advantage that it is transparent, you can use CMP, BMP, JDO, a third part
    O/R tool or raw JDBC. You don't even need to be in an application server.

    livestore provides transparent distributed caching at the JDBC level,
    supporting both local and global (XA) transactions and providing reliable
    cache 'liveness' either through messaging using XA, leveraging the local
    transaction to provide durable messaging, or clearing cached data from remote
    nodes when a node death is detected.

    Denis Howlett
    Isocra Ltd
  9. and using our own patented (lightweight) algorithms, rather than depending on heavyweight XA mechanisms

    Hmmm. Why is XA heavyweight? I mean, you need 2 phases to commit a tx on more than 1 data sources. There is no other way, IMHO.

    Can you shed a light on your patented algorithm?

    -- Andreas
  10. XA can be heavy in some implementations ... see PetStore Round I for an example ;-)
  11. XA can be heavy in some implementations

    The question is what is the alternative? Working on a half committed tx (since it's processed async) and have to abort subsequent tx (as you said), because the first one was aborted in the meantime?

    I've seen some products claiming to have clustering with replicated stores but don't do that with XA. They do the replication async in a background thread. If the primary collapses and they switch over to the secondary and the log stream wasn't fully replicated, they have an inconsistent state on the secondary and can't work with it.

    It would be very interesting to know how the Persistence algorithm solves this. I'd certainly one of the first to license that technology.
  12. I've seen some products claiming to have clustering with replicated stores but don't do that with XA. They do the replication async in a background thread. If the primary collapses and they switch over to the secondary and the log stream wasn't fully replicated, they have an inconsistent state on the secondary and can't work with it. It would be very interesting to know how the Persistence algorithm solves this. I'd certainly one of the first to license that technology.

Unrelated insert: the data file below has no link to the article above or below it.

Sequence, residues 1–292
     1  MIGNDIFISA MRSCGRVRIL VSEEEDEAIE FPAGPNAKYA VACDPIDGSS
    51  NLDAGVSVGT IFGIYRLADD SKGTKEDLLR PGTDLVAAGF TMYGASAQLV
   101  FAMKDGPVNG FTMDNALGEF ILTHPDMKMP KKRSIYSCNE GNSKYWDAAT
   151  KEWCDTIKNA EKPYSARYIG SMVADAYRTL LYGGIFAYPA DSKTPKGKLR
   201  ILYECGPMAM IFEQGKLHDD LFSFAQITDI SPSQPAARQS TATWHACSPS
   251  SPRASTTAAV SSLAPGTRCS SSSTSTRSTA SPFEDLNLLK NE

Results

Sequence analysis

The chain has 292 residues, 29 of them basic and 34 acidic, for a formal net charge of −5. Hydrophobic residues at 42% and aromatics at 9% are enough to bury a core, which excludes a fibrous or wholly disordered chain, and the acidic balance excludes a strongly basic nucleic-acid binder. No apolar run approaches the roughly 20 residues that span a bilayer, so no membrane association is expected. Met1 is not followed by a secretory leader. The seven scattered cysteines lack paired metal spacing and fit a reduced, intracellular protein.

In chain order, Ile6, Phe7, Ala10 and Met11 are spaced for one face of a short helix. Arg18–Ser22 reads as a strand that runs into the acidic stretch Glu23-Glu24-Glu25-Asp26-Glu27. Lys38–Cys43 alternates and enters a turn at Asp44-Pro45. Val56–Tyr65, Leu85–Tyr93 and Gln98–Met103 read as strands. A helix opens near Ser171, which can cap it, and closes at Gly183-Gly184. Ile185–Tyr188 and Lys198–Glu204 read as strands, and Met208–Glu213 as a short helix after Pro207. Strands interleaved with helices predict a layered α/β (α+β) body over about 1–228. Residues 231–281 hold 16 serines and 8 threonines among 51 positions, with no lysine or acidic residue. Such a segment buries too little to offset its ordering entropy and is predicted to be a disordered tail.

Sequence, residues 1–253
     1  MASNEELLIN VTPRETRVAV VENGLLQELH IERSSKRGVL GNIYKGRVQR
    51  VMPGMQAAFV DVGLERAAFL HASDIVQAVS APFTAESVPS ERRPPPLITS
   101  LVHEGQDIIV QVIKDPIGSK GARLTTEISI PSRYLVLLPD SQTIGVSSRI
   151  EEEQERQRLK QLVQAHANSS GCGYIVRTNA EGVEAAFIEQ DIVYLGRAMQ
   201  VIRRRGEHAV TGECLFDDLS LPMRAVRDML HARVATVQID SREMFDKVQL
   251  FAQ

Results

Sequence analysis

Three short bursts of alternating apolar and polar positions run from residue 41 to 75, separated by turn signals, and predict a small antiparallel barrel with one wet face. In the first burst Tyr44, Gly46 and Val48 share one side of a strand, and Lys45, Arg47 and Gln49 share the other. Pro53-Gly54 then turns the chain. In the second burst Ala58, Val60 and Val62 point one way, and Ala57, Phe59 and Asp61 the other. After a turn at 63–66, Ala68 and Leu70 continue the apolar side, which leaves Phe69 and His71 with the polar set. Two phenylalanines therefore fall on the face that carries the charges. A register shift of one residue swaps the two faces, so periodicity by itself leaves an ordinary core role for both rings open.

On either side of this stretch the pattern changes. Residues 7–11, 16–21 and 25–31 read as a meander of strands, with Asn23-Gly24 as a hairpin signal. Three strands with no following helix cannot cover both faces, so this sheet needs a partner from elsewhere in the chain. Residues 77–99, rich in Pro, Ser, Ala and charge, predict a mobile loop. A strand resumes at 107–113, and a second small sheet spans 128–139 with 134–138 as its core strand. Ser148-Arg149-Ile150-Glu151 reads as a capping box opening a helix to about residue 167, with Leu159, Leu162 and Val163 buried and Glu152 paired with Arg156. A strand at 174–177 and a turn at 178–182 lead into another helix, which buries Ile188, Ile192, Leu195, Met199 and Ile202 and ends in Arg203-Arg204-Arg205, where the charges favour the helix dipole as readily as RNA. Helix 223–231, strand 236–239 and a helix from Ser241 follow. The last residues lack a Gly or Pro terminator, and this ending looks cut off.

You have exceeded my technical competence to answer. Congratulations, you stumped the marketing choad! ;-)

    The serious answer is, it depends on the system architecture, transaction requirements, etc. We support the most common things customers want to do out-of-the-box, and do other things with some professional services. If I understand your question, our answer is something we call one-and-a-half-phase commit. I'll see if I can't get one of our prof. services consultants to chime in here with a more complete answer.

    Michael Alderete
    Product Line Manager
    Persistence Software
  13. costs?[ Go to top ]

    how much does it cost and is it per developer or per server?